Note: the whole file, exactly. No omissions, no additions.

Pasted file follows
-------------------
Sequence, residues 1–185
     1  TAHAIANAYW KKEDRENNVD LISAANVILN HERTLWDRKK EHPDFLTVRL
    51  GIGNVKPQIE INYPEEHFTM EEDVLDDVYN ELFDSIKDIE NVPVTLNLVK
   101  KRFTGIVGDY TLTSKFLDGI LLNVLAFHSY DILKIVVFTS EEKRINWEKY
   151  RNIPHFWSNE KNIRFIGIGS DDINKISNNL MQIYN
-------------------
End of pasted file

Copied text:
Sequence, residues 1–185
     1  TAHAIANAYW KKEDRENNVD LISAANVILN HERTLWDRKK EHPDFLTVRL
    51  GIGNVKPQIE INYPEEHFTM EEDVLDDVYN ELFDSIKDIE NVPVTLNLVK
   101  KRFTGIVGDY TLTSKFLDGI LLNVLAFHSY DILKIVVFTS EEKRINWEKY
   151  RNIPHFWSNE KNIRFIGIGS DDINKISNNL MQIYN